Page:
Keep the sunburned skin moisturized to prevent dryness and peeling. Choose a gentle, fragrance-free moisturizer or aloe vera-based lotion and apply it generously to the affected areas. Avoid moisturizers with irritants like alcohol or fragrances, as they can further irritate the skin.

Cold Milk Compress For Sunburn Skin:

Dip a clean cloth in cold milk and gently apply it to the sunburned skin. The milk’s proteins can help soothe the skin and provide temporary relief.

Honey For Sunburn Skin:

Honey has natural antibacterial properties and can help soothe sunburned skin. Apply a thin layer of honey to the affected areas and leave it on for 15-20 minutes before rinsing off with cool water.


 Drink plenty of water to stay hydrated and support the healing process from within. Sunburn can dehydrate the body, so replenishing fluids is crucial.

Cucumber Slices For Sunburn Skin:

Place chilled cucumber slices on the sunburned areas to provide cooling relief. Cucumbers have a high water content and can help hydrate the skin.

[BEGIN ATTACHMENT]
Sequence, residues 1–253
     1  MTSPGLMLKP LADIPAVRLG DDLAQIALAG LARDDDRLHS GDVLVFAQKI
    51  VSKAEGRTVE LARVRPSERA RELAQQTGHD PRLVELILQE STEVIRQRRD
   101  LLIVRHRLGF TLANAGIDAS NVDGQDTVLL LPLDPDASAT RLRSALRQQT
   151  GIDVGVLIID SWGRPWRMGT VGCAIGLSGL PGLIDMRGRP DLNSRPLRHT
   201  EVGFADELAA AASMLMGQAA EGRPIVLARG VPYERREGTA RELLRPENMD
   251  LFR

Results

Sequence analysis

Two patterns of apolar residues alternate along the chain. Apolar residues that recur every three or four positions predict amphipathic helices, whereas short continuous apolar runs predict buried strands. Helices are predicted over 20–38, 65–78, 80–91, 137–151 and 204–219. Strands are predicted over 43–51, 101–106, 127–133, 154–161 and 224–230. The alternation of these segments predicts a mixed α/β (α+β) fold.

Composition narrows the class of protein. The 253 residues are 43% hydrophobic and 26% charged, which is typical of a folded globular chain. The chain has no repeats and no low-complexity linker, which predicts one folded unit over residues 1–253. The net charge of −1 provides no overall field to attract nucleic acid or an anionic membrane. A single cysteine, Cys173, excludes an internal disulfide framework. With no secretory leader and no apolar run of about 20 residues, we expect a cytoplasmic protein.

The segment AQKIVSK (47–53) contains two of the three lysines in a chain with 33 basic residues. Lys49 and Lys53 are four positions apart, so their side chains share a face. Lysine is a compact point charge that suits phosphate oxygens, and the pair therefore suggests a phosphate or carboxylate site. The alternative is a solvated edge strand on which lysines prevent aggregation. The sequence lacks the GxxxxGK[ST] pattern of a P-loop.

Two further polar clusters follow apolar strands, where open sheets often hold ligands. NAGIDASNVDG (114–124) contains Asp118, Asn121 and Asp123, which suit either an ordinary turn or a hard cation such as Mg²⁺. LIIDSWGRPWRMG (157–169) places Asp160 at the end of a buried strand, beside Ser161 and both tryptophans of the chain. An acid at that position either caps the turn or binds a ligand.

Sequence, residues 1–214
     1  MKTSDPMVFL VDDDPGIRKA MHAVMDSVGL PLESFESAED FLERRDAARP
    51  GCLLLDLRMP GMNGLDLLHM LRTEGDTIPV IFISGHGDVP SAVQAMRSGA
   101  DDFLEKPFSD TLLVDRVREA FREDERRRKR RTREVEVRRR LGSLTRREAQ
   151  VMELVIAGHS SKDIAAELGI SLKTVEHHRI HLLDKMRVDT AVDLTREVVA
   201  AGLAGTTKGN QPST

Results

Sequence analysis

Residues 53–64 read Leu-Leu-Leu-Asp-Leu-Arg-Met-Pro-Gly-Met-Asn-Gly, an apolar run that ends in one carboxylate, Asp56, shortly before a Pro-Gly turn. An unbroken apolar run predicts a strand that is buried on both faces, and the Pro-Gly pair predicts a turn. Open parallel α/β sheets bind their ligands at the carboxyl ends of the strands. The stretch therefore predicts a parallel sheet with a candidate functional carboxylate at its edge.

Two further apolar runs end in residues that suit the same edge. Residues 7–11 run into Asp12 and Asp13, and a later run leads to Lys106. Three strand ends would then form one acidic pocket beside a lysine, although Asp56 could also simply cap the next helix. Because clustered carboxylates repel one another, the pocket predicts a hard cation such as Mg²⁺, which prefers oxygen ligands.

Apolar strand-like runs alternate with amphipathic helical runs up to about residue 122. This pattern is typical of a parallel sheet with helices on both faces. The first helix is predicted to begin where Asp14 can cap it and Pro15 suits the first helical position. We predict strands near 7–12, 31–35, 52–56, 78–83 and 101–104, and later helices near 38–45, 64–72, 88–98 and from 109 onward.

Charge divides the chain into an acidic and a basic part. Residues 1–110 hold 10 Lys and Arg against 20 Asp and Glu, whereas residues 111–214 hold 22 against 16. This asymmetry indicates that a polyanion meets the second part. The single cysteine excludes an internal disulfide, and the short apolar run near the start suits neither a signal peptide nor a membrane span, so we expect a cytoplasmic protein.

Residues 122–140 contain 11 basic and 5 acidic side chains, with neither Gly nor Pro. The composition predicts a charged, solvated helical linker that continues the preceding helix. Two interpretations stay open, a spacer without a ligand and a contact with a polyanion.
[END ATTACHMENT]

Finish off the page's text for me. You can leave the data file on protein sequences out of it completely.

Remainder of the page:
Baking Soda Paste For Sunburn Skin:

 Mix baking soda with cool water to create a paste, then gently apply it to the sunburned areas. Baking soda can help soothe the skin and reduce inflammation. Rinse off the paste after a few minutes and pat the skin dry.

Vinegar For Sunburn Skin:

Dilute white vinegar with cool water and apply it to the sunburned skin using a soft cloth or spray bottle. Vinegar can help balance the skin’s pH and provide relief from itching and pain. Rinse off the vinegar after a few minutes.

Potato Slices For Sunburn Skin:

Cut chilled potato slices and place them on the sunburned skin. Potatoes have a cooling effect and may help alleviate discomfort.

Black Tea For Sunburn Skin:

Brew black tea and let it cool. Soak a clean cloth in the tea and apply it to the affected areas for 15-20 minutes. The tannins in black tea can provide relief from inflammation and aid in healing.

Witch Hazel For Sunburn Skin:

Apply witch hazel extract to the sunburned skin using a cotton ball or cloth. Witch hazel has a cooling effect and can help reduce inflammation and pain.